The obesity paradox and mortality associated with surrogates of body size and muscle mass in patients receiving hemodialysis

Kamyar Kalantar-Zadeh, Elani Streja, Csaba P. Kovesdy, Antigone Oreopoulos, Nazanin Noori, Jennie Jing, Allen R. Nissenson, Mahesh Krishnan, Joel D. Kopple, Rajnish Mehrotra, Stefan D. Anker

Research output: Contribution to journalArticlepeer-review

Abstract

Objective: To determine whether dry weight gain accompanied by an increase in muscle mass is associated with a survival benefit in patients receiving maintenance hemodialysis (HD). Patients and Methods: In a nationally representative 5-year cohort of 121,762 patients receiving HD 3 times weekly from July 1, 2001, through June 30, 2006, we examined whether body mass index (BMI) (calculated using 3-month averaged post-HD dry weight) and 3-month averaged serum creatinine levels (a likely surrogate of muscle mass) and their changes over time were predictive of mortality risk. Results: In the cohort, higher BMI (up to 45) and higher serum creatinine concentration were incrementally and independently associated with greater survival, even after extensive multivariate adjustment for available surrogates of nutritional status and inflammation. Dry weight loss or gain over time exhibited a graded association with higher rates of mortality or survival, respectively, as did changes in serum creatinine level over time. Among the 50,831 patients who survived the first 6 months and who had available data for changes in weight and creatinine level, those who lost weight but had an increased serum creatinine level had a greater survival rate than those who gained weight but had a decreased creatinine level. These associations appeared consistent across different demographic groups of patients receiving HD. Conclusion: In patients receiving long-term HD, larger body size with more muscle mass appears associated with a higher survival rate. A discordant muscle gain with weight loss over time may confer more survival benefit than weight gain while losing muscle. Controlled trials of muscle-gaining interventions in patients receiving HD are warranted.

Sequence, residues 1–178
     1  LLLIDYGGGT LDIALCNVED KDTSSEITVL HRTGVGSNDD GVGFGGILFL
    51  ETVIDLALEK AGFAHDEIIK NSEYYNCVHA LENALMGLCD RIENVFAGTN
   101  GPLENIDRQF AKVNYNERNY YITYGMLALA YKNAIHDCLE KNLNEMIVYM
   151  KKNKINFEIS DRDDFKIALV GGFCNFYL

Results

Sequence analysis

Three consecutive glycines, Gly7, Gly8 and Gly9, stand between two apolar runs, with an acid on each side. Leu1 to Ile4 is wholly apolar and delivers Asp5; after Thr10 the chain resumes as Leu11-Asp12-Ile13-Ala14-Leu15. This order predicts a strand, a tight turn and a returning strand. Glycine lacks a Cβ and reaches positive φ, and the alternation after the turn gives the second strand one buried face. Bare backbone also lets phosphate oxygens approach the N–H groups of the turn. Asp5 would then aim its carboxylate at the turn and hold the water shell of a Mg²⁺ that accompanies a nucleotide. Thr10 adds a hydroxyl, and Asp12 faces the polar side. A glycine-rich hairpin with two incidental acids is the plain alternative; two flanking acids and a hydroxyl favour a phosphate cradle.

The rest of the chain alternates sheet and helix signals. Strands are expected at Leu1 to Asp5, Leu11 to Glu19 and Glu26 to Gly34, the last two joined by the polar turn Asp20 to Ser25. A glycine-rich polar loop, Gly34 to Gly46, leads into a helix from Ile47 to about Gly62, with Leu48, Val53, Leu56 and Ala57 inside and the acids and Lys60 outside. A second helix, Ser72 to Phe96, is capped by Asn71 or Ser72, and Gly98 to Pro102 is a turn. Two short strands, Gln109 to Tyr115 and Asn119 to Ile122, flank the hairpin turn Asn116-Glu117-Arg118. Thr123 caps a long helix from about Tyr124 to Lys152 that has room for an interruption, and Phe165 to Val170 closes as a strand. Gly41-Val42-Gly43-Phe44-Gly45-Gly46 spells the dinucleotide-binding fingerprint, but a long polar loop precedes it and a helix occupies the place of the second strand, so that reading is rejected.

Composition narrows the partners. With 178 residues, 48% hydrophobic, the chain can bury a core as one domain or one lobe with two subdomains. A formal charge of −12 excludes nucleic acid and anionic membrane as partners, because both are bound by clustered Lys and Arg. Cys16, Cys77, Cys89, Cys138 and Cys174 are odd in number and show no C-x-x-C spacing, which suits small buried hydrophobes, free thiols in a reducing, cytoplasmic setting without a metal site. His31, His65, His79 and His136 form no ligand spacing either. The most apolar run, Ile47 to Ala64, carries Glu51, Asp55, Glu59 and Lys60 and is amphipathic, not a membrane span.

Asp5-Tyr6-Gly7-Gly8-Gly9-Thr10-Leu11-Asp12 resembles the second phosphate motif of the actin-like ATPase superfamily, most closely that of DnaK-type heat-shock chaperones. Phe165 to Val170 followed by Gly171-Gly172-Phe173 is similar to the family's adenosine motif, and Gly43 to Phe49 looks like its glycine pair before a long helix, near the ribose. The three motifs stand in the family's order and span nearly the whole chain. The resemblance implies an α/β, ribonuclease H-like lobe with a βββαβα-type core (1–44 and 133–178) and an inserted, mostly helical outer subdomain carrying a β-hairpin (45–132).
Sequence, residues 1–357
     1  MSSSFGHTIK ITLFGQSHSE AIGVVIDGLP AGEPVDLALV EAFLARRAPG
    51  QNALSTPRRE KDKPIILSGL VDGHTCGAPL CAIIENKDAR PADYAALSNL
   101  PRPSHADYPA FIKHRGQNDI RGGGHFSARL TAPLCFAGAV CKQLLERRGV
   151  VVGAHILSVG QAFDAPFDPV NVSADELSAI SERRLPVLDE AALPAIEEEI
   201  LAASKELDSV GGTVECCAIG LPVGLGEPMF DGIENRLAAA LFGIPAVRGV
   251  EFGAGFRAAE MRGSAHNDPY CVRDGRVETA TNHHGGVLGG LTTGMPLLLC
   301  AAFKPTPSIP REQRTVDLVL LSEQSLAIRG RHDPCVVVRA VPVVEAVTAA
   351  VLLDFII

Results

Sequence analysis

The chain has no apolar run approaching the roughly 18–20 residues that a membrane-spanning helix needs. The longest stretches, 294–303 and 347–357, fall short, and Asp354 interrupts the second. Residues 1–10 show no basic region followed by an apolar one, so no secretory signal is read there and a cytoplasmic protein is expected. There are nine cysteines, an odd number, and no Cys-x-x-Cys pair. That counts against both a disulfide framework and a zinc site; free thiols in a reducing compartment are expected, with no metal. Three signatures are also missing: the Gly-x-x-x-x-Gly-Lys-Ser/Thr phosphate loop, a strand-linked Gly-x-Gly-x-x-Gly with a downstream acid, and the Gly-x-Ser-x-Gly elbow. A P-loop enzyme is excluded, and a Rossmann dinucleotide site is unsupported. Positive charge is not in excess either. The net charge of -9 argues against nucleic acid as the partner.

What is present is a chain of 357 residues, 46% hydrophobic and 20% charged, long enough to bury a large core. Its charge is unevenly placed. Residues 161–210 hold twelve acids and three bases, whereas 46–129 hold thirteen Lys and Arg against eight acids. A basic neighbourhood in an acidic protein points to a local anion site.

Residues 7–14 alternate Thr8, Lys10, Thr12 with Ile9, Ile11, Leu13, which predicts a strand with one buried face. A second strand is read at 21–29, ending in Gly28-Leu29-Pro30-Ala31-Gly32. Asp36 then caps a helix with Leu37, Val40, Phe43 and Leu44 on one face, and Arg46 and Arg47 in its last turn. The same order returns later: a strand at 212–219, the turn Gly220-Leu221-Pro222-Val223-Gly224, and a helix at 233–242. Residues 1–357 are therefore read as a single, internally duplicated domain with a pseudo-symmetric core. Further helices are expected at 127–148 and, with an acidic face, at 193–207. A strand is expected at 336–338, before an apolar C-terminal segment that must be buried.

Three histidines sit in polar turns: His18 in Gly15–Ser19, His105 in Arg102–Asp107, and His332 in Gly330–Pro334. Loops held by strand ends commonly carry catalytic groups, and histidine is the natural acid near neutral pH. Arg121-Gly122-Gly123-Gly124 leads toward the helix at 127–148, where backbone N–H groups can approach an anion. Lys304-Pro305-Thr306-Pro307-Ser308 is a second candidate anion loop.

Original languageEnglish
Pages (from-to)991-1001
Number of pages11
JournalMayo Clinic Proceedings
Volume85
Issue number11
DOIs
Publication statusPublished - 2010

ASJC Scopus subject areas

  • Medicine(all)

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